March 11, 2020
External flows past objects have been studied extensively because of their many practical applications. For example, airfoils are made into streamline shapes in order to increase the lifts, and at the same time, reducing the aerodynamic drags exerted on the wings. On the other hand, flow past a blunt body, such as a circular cylinder, usually experiences boundary layer separation and very strong flow oscillations in the wake region behind the body. In certain Reynolds number range, a periodic flow motion will develop in the wake as a result of boundary layer vortice being shed alternatively from either side of the cylinder. This regular pattern of vortices in the wake is called a Karman vortex street. It creates an oscillating flow at a discrete frequency that is correlated to the Reynolds number of the flow. The periodic nature of the vortex shedding phenomenon can sometimes lead to unwanted structural vibrations, especially when the shedding frequency matches one of the resonant frequencies of the structure. One example is the famous Tacoma Narrow bridge incident and this topic has been discussed in great details in the Tacoma bridge link. In this presentation, we are going to investigate the flow past a circular cylinder and study the turbulent wake flow field using the Particle Image Velocimetry (PIV) technique. Based on the PIV velocity field measurements and other reference information, a comprehensive discussion about many important flow concepts such as: boundary layer flow separation, wake flow, vortex shedding, vortex-induced oscillations, aerodynamic loading, momentum balance, and the lift and drag forces on an immerse body, will be given in the following section.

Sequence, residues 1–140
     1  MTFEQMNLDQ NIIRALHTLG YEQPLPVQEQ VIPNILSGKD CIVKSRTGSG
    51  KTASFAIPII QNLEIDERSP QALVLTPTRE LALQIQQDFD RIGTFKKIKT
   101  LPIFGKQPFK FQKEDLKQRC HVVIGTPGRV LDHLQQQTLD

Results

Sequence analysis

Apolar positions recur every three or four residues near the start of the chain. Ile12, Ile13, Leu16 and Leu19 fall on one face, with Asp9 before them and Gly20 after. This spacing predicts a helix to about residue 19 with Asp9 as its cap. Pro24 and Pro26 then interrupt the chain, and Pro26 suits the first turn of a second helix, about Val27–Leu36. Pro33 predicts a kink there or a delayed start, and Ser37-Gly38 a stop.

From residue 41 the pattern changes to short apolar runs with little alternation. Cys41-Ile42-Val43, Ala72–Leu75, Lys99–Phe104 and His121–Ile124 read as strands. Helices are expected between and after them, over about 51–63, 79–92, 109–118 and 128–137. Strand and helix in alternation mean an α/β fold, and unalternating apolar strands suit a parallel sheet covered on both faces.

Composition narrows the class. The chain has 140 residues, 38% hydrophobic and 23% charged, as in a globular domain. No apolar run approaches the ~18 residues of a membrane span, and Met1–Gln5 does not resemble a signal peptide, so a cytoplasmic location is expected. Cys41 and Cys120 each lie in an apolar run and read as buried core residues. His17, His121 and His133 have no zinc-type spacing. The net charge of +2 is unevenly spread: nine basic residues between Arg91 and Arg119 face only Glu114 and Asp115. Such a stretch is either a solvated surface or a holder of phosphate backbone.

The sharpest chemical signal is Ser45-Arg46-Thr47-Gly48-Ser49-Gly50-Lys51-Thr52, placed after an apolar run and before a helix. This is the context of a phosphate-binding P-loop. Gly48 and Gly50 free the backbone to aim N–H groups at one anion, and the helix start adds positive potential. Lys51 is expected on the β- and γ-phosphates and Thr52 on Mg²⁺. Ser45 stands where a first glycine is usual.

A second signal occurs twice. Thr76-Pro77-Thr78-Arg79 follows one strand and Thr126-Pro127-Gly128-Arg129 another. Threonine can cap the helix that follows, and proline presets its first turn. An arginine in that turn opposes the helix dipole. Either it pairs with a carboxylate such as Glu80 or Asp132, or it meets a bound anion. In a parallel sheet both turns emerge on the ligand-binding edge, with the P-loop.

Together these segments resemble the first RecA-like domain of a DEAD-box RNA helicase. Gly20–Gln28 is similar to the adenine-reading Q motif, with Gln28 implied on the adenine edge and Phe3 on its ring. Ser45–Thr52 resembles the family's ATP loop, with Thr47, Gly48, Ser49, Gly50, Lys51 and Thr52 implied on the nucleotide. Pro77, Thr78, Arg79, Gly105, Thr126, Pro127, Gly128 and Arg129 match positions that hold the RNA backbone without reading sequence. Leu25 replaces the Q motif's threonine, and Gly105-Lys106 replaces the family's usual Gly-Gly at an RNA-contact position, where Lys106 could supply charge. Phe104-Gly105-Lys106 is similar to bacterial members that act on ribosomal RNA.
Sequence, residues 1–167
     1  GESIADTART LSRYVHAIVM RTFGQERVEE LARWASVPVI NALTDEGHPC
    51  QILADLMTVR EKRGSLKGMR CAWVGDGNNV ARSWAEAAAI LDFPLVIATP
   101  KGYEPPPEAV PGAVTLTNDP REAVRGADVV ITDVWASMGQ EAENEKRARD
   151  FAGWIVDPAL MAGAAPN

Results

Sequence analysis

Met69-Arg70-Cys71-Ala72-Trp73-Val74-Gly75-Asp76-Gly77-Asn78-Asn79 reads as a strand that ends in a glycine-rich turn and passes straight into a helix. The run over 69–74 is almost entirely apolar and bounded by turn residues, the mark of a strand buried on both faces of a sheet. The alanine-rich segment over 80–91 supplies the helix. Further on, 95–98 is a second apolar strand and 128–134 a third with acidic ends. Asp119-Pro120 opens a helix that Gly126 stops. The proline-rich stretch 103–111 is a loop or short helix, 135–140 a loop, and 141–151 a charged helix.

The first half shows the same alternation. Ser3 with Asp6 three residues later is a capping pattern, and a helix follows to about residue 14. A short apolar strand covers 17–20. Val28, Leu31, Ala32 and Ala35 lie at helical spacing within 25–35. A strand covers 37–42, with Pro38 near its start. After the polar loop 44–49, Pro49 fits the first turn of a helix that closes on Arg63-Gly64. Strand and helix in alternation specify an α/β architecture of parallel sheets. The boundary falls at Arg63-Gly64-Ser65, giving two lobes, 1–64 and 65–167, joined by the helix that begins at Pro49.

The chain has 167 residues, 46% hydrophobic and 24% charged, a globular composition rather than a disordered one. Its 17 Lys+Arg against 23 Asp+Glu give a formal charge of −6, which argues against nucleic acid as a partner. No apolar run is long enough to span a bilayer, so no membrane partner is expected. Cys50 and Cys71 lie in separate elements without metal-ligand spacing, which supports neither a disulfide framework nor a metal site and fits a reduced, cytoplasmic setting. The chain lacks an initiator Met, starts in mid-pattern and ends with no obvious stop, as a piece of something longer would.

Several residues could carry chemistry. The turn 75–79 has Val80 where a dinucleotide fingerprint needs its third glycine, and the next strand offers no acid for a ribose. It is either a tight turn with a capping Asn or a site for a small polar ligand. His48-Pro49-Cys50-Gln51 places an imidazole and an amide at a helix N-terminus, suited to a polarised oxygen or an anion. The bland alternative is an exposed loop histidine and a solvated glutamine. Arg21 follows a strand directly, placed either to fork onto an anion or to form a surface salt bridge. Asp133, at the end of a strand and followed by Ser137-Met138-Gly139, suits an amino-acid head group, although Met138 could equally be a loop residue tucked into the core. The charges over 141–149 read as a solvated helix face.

In this tutorial you will learn to simulate aflow around a cylinder with Workbench parameters in 2D using ANSYS CFX. First, we will build a geometry and then we will generate the mesh using a structured mesh in Ansys Meshing. You can download the geometry from this link.
The NACA four-digit wing sections define the profile by:
First digit describing maximum camber as percentage of the chord.
Second digit describing the distance of maximum camber from the airfoil leading edge in tenths of the chord.
OpenFOAM is the free, open source CFD software developed primarily by OpenCFD Ltd since 2004. It has a large user base across most areas of engineering and science, from both commercial and academic organisations.
In this tutorial, you will learn how to simulate a porous media using Ansys Fluent. In the first part, you can create the geometry and the mesh and the second part Ansys Fluent setup.
In this tutorial, you will learn how to configure your simulation with the Convection and analyze the convergence criteria to obtain accurate results
In this tutorial, you will learn how to simulate an Elbow 3d using Ansys Fluent, This is a basic tutorial and you can use Ansys Student version.
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